New Study Shows How COVID-19 Has Changed the Entertainment Industry

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COVID-19 has changed many things—only one of which is Americans’ desire for more flexible work circumstances; the pandemic has also changed American viewing habits, according to a new study from United Talent Agency. The study called, “Forever Changed: COVID-19’s Lasting Impact on the Entertainment Industry,” found that audiences consumed more entertainment, in a wider variety of ways, than they did pre-pandemic. The pandemic has also given rise to fandom culture, and audiences are now more inclined to pay for exclusive content from celebrities and influencers they follow. 

The study surveyed 1,000 U.S. adults aged 18 to 54. Of the people surveyed, 84% said they increased their consumption of entertainment during the pandemic. And seven in 10 people explored new storytelling genres, formats, and platforms indicating how audiences have experimented with where they get their entertainment. According to the study, 56% have subscribed to a new video streaming platform during the pandemic, with Apple TV+, Netflix, Disney+, Hulu, and Amazon Prime seeing new subscribers. Along with adding new video streaming platforms, one in three respondents have subscribed to other platforms like Spotify or Twitch.

Consumers are also exploring a wider variety of storytelling, with an almost 50% increase in people listening to podcasts and audiobooks, watching live sports and online videos, and playing video games. One in four people consumed an entertainment format that they didn’t before the pandemic. 

The study also found that 67% of audiences intend to keep those new consumption habits after the pandemic. While 56% of people added a new streaming platform to their rotation during the pandemic, 71% intend to use multiple video streaming platforms after the pandemic. 

There is also a demand for more diverse and more socially relevant stories. One in three consumers sought out international content and stories with diverse voices. Though two in five consumers said they sought stories that offered them a mental escape from the world, one in four looked for educational content while one in three looked for content that addressed social and cultural issues.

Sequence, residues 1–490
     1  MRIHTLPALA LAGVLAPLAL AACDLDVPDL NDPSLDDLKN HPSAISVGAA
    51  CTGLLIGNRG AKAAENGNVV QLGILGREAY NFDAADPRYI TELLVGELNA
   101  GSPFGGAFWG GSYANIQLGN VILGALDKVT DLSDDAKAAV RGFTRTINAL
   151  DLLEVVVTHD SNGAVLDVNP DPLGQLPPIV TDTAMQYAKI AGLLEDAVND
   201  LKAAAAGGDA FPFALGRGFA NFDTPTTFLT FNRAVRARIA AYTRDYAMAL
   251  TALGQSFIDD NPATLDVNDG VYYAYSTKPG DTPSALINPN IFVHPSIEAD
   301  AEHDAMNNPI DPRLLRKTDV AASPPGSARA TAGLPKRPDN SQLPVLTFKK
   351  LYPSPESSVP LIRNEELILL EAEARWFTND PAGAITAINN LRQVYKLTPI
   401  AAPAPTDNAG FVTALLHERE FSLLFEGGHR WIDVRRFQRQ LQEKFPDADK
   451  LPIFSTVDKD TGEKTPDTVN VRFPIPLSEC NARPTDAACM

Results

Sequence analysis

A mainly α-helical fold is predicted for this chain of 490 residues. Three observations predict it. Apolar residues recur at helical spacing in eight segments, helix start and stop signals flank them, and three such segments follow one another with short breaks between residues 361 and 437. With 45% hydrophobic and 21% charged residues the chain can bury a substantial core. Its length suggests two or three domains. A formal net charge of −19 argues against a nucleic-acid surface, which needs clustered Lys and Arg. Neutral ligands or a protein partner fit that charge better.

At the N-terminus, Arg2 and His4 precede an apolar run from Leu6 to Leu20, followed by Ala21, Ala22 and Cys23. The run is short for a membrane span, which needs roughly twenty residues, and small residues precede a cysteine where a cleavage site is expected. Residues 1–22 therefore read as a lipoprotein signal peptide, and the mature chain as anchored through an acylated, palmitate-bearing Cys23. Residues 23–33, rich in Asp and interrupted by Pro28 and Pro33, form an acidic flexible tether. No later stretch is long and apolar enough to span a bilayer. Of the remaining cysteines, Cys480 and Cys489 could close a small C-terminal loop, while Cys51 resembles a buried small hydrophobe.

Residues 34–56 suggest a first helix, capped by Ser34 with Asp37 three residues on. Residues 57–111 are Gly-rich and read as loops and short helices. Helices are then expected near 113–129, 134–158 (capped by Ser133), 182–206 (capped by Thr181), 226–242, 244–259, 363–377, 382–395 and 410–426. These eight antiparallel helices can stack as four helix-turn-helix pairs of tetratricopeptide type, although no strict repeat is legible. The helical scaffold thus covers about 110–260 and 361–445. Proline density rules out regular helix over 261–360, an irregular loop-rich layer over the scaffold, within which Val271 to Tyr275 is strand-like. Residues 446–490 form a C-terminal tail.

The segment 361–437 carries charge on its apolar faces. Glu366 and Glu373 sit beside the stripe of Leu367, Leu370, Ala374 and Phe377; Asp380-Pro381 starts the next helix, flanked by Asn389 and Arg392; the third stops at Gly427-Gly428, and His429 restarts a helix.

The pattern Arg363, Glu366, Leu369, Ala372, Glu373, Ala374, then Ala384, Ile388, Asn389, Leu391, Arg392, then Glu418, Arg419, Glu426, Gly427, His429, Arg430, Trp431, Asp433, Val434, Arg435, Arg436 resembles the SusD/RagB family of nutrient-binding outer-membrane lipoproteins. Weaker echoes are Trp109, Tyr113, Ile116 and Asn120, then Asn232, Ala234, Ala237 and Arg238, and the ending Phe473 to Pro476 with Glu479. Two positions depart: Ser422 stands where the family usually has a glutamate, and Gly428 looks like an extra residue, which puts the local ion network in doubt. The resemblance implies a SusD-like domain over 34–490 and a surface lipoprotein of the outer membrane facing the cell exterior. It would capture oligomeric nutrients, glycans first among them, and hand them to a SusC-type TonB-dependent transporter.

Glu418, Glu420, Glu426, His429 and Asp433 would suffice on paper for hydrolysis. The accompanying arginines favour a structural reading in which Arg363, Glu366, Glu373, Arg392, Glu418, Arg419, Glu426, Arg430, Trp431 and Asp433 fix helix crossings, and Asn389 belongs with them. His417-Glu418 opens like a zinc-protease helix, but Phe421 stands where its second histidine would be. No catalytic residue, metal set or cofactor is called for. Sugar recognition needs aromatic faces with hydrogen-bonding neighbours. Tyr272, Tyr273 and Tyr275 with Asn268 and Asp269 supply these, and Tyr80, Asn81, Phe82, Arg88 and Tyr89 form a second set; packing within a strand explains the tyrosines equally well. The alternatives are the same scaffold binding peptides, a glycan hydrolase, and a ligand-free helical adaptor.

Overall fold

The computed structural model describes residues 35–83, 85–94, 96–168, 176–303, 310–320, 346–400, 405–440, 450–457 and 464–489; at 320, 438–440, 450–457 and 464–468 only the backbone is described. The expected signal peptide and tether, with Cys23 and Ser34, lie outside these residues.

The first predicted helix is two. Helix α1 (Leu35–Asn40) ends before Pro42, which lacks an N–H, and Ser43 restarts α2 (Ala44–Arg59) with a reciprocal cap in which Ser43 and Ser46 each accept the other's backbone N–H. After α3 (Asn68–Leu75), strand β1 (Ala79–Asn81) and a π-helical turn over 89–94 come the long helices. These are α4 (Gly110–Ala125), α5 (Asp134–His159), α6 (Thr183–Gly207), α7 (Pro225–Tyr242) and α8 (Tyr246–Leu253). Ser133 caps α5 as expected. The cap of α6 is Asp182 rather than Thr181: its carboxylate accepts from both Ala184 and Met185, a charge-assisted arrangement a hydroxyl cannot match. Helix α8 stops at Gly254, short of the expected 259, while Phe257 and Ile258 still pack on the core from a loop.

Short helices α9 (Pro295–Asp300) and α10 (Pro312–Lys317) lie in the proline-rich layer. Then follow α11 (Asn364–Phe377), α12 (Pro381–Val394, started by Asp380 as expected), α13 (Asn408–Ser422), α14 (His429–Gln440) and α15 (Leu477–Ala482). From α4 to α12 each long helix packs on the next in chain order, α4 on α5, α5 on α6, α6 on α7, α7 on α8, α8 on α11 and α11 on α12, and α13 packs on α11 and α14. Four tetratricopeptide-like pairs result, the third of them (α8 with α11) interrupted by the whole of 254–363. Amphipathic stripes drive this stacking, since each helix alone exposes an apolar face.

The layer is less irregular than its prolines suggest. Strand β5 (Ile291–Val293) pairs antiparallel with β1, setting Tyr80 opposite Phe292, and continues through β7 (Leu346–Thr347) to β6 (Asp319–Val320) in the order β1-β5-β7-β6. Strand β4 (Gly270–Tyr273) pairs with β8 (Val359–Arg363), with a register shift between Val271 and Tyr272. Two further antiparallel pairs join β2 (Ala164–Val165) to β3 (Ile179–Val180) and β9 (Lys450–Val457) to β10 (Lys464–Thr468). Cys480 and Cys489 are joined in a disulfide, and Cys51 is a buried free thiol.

COVID-19 has also led to a growth in fandom culture: One in three people took up a hobby inspired by a piece of content that they watched—such as the rise in chess playing after the release of “The Queen’s Gambit” on Netflix. 

This fandom trend also bodes well for influencers, with one in five people saying they would join a website centered around a celebrity, influencer, or entertainment property. One in five people want exclusive content around the celebrity or influencer they are following and will pay for it. That means there are more than 30 million people that content creators can engage with as fans—showing that platforms like Patreon, OnlyFans, Cameo, and social media will be an important avenue of monetization for content creators. 

The UTA study concludes that the chances of creators finding an audience with their content is greater than ever: “Going forward, creators, producers, and distribution platforms have the benefit of a larger pool of consumers interested in engaging with their content than they had previously, as well as an audience willing to spend more time doing so. In other words, the entertainment pie has expanded during the pandemic and opportunities to find and attract audiences have never been more ripe. 

“Yet, COVID-19 has also raised the bar for innovation and engagement. It’s no longer enough to disseminate content and expect consumers to come. The industry needs to be more facile and cater to heightened fandom to keep up. Ultimately, those that bring consumers closer to content and celebrities/influencers and do so in more participatory ways will be best positioned to reap the rewards.”

The full “Forever Changed” study can be read here.

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